The following referral were issued in IAC Session 126 which was held on June 27, 2012. Download the PDF here.
By Michael Holden
(Reuters) – Georgia’s Lasha Shavdatuashvili, the youngest competitor in the event, grabbed Olympic gold in the men’s -66kg judo category on Sunday in a tournament spiced with shock results and an extraordinary refereeing volte-face.
The unheralded 20-year-old, the world number 32, defeated Hungary’s Miklos Ungvari, 31, in the final to send a small but incredibly noisy group of fans from his homeland wild as he secured Georgia’s third ever judo gold.
“I’m happy to continue the Olympic gold medal list from Georgia and of course this medal belongs not only to the athlete but to the country,” said the delighted winner, grinning broadly throughout a later press conference.
His success was overshadowed though by bizarre and chaotic scenes which followed the quarter-final clash between Japan’s Masashi Ebinuma, the world champion, and South Korea’s Cho Jun-Ho.
After the match finished scoreless following extra time, it was left to the referee and two judges to call the result and they duly raised their blue flags to indicate Cho had won by showing the more attacking intent.
The crowd at London’s ExCel Centre, which included a large number of Japanese, erupted in a cacophony of boos and jeers with the disgusted Japanese coach looking utterly flabbergasted.
The reaction clearly had an impact as the startled judges decided to refer their verdict to a reviewing jury which took the unprecedented step of overturning the result.
“I thought I was going to lose,” Ebinuma told reporters later, adding he thought the support from the spectators had played a role. “I’m feeling a bit bad for the Korean.”
Cho, who had looked perplexed at events but left the mat without any dissent, refused to criticize the referees. Both men went on to earn bronze medals, helping to alleviate any hard feelings
“I thought I had won,” Cho said. “We both won bronze medals so I’m very happy.”
The governing International Judo Federation, which confirmed a flag decision had never been overturned before, said they wanted to ensure the right man won.
Officials are desperate to avoid any repeat of the furor which followed controversial refereeing decisions such as in the 2000 Olympic heavyweight final in Sydney when French judoka David Douillet took gold from Japan’s Shinichi Shinohara amid angry protests from the Japanese camp.
It was an eventful day on the mat as well as the youthful Shavdatuashvili powered to victory as older and higher ranked judokas crashed out well before the final stages.
The raucous crowd went wild when Britain’s Colin Oates, 29, dispatched Mongolia’s Tsagaanbaatar Khashbaatar, the world number two and bronze medalist in Beijing, in the last 16.
However, Oates could not repeat that success, losing out to Shavdatuashvili, who then reached the final by beating Ebinuma by hurling him to the ground for an automatic winning ippon half way through their encounter.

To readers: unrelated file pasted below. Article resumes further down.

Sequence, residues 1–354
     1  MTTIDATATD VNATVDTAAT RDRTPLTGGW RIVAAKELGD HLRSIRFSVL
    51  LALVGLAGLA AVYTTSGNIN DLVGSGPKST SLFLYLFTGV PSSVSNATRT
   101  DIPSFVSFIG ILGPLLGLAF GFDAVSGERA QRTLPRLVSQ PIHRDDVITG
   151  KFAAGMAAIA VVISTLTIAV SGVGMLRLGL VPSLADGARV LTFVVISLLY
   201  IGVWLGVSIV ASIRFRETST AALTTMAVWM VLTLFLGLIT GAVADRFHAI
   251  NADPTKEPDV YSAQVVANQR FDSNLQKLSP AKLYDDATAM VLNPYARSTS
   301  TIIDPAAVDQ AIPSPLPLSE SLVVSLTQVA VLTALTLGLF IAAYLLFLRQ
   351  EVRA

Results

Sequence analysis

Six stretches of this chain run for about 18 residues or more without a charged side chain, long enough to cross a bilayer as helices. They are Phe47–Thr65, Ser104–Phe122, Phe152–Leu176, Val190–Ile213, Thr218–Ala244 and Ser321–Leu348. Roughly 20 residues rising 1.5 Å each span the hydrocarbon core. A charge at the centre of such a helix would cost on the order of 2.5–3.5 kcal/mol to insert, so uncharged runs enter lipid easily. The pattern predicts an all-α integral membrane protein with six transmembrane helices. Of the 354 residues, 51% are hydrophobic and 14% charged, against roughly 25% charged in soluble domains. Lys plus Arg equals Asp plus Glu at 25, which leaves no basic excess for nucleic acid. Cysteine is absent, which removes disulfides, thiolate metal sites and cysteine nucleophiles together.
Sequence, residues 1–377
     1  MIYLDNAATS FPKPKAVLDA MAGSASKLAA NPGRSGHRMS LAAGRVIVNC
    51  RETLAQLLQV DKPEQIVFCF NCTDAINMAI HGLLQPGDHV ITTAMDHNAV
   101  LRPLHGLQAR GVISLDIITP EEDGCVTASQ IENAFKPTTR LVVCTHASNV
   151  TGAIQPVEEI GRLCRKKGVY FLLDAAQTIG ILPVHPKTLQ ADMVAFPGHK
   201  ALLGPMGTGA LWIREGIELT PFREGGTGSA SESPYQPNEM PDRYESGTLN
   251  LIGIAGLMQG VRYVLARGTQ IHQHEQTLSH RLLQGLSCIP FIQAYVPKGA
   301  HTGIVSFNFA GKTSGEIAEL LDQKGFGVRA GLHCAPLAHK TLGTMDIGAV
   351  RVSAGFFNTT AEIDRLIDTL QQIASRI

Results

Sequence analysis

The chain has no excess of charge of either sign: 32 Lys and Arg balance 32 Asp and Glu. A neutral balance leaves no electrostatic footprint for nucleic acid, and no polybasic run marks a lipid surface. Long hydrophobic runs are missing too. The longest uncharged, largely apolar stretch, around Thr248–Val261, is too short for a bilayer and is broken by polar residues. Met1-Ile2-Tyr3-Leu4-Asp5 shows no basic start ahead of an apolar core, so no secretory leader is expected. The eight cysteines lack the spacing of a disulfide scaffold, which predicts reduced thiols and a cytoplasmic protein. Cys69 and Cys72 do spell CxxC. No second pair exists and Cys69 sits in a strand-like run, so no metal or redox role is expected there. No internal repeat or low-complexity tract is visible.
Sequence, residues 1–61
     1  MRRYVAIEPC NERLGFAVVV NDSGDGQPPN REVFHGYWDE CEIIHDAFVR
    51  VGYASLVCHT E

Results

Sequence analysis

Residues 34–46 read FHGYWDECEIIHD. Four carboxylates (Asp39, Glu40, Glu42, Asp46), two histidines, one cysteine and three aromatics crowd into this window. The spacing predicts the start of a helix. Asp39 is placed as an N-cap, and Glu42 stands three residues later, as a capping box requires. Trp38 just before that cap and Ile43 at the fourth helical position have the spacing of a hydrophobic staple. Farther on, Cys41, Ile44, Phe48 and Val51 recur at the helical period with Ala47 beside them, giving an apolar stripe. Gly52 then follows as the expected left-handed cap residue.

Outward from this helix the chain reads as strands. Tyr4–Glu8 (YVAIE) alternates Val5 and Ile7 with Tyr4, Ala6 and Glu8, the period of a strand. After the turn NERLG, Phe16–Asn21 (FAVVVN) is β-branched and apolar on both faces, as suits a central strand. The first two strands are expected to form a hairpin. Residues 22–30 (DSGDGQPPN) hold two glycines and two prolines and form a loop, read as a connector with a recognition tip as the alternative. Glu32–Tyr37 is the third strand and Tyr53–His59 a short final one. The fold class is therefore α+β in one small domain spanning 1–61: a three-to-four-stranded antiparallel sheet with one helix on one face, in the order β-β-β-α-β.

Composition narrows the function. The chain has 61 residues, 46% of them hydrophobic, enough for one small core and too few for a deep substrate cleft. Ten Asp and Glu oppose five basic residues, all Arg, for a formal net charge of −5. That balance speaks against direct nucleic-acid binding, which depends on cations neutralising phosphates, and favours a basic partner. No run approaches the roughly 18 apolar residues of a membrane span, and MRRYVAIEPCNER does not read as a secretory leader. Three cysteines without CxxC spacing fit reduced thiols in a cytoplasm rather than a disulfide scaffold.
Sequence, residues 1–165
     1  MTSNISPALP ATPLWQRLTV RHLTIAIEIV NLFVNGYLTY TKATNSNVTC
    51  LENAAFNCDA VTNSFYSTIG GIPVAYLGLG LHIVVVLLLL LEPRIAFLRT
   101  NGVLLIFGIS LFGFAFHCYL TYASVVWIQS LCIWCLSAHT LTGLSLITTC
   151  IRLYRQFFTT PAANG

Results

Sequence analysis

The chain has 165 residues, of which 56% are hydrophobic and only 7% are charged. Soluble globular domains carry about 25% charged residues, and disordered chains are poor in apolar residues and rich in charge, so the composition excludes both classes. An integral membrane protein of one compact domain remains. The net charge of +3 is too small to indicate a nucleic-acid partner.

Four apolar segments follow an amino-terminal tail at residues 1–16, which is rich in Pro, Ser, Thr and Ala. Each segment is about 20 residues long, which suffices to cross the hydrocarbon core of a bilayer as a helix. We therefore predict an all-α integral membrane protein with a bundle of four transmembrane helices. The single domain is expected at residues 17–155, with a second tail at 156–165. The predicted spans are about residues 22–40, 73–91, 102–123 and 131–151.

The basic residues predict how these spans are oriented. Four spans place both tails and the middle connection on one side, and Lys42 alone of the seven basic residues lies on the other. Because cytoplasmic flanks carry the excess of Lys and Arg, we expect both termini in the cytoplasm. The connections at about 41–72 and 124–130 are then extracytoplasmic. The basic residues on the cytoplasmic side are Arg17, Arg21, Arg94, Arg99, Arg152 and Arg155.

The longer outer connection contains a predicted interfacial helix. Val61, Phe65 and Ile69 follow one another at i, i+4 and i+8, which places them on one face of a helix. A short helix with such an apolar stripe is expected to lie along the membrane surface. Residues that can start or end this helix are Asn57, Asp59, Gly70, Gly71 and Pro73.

Ebinuma took bronze by beating Poland’s Pawel Zagrodnik, 24, with an ippon, and enjoying another bit of luck when an ippon awarded against him was overturned.
Cho also grabbed bronze but this time being on the right side of the referees’ decision after his match with Spain’s Sugoi Uriarte had ended all square.
(Editing by Matt Falloon and Jason Neely)
The Impact of Russian “Soft” Power in Washington and its Spillover Effects
Ariel Cohen, Senior Research Fellow, Heritage Foundation
Susan Corke, Director for Eurasia Programs, Freedom House
Jeff Trimble, Deputy Director, International Broadcasting Bureau
Irina Van Dusen, Managing Editor, Voice of America Russian Service
Wednesday, July 25, 2012
Room GD 11
Dirksen Senate Office Building
Constitution Avenue and 1st Street, NE
Refreshments will be served.
RSVP (acceptances only):
This year Joint Council is participating in the United Nations World Food Day on October 16, 2012. As part of our contribution and desire to raise awareness of worldwide hunger and nutrition, Joint Council is designing and distributing placemats, with an international food theme. We would like to personalize the placemats by asking children to describe the food of the country from which they were adopted: anything from food facts, trivia, or even favorite dish of their native country. This will not only raise awareness of international hunger and proper nutrition, but also make the project personal by showcasing some of the adopted children we advocate for.
If you could pass this request along, and send any response with the age and country of the child noted to firstname.lastname@example.org we would greatly appreciate it. We would ask for all response by August 15, 2012.
Also, if you have families who are interested in participating or getting involved, World Food Day is offering a poster contest for children ages 5 to 17. The deadline for the poster is September 30, 2012. To view the details, click here.
Thank you for your participation and help in advance.